Much more sea ice in NW Hudson Bay this year than 2016 or 2015 at 27 May

In recent years, sea ice loss over Hudson Bay has begun with open water in the NW corner (which is just as likely due to prevailing offshore winds as ice melt) rather than along the east coast but this year that patch of ice is smaller than its been for the last two years. In addition, despite two patches of open water at either end of the Beaufort Sea, most of the coast of Alaska is still covered in thick ice — much more than existed last year, yet masses of polar bears did not die as far as I know (actually, WHB bears came ashore in excellent condition last year).

Sea ice Canada 2017 May 27

Compare to previous years:

Last year at 27 May (2016), where there was also more open water in the Beaufort Sea (driven not by melt but by the strong currents of the Beaufort Gyre) and in Kane Basin (between NW Greenland and Ellesmere Island):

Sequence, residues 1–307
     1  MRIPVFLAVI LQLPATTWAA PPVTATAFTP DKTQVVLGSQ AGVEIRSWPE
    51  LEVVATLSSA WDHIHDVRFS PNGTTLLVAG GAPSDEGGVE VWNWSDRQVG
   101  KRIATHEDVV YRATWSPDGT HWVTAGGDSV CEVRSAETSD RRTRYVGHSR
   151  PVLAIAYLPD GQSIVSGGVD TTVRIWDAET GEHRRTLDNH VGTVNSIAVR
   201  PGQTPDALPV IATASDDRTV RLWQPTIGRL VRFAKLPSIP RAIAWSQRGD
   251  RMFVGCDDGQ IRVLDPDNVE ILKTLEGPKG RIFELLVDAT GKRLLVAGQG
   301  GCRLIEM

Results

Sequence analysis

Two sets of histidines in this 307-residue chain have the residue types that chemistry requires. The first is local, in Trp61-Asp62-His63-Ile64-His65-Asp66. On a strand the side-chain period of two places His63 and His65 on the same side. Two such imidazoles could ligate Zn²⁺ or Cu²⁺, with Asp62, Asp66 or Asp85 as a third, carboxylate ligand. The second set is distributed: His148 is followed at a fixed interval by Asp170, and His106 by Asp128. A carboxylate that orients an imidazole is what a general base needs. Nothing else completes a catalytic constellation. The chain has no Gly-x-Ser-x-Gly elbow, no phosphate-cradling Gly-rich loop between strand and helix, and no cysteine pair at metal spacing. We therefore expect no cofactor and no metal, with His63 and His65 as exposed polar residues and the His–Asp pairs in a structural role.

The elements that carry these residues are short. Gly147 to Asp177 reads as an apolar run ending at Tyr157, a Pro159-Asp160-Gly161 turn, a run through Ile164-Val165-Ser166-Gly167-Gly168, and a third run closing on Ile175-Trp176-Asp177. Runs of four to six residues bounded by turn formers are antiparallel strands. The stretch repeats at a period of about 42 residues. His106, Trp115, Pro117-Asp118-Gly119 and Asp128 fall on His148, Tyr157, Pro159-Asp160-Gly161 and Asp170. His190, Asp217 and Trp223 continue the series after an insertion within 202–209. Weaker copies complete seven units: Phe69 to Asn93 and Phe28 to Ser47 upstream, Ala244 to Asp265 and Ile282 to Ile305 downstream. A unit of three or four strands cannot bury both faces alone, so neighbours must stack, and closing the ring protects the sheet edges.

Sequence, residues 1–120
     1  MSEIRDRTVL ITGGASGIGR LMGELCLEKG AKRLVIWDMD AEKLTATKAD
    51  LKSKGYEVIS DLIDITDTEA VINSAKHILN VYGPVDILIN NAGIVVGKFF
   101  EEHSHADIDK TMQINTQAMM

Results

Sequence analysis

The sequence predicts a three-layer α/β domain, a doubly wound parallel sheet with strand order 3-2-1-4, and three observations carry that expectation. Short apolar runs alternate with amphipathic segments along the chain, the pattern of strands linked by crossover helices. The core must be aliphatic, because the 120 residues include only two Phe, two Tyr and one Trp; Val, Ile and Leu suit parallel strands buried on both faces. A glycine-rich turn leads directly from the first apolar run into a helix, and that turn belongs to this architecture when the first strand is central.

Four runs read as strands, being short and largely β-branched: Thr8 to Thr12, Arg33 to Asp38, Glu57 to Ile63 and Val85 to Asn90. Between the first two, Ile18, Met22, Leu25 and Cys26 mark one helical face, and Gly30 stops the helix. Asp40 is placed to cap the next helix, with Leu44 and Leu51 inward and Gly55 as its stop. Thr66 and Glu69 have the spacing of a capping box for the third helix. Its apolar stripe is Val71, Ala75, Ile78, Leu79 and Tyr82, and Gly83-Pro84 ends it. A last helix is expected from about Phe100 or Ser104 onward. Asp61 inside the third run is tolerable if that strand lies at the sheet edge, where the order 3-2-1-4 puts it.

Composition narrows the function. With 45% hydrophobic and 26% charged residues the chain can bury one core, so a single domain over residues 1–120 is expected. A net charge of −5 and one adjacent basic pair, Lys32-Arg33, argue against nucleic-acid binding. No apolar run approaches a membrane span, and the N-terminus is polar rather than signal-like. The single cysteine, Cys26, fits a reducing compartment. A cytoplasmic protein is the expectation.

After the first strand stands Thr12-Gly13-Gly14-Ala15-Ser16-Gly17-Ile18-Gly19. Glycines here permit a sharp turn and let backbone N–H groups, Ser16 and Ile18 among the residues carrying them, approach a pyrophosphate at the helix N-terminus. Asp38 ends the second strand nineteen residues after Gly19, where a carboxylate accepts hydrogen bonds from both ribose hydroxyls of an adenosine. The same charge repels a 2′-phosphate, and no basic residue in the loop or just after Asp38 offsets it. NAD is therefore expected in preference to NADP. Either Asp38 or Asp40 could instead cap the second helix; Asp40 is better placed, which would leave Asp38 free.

Sea ice extent Canada 2016 May 27 CIS

27 May 2015 saw open water in NW Hudson Bay almost as far south as Churchill:

Sea ice Canada 2015 May 27_CIS

All of that dark green in the charts below is thick first year ice that’s at least 1.2 m thick and brown is ice >1 year old that is 2m thick or more.

Hudson Bay ice stage of development weekly at 22 May_2017 rotated.jpg

Western Arctic ice stage of development weekly at 22 May_2017Polar bear biologist Andrew Derocher, who’s research team has been ear-tagging male WHB male polar bears in the NW sector this spring, confirms that the bears are drawn to the fragmented ice and edges of the open water in the NW where they are most likely to catch bearded seals.

Here is his plot of males (purple) and females (blue) at 24 May 2017:

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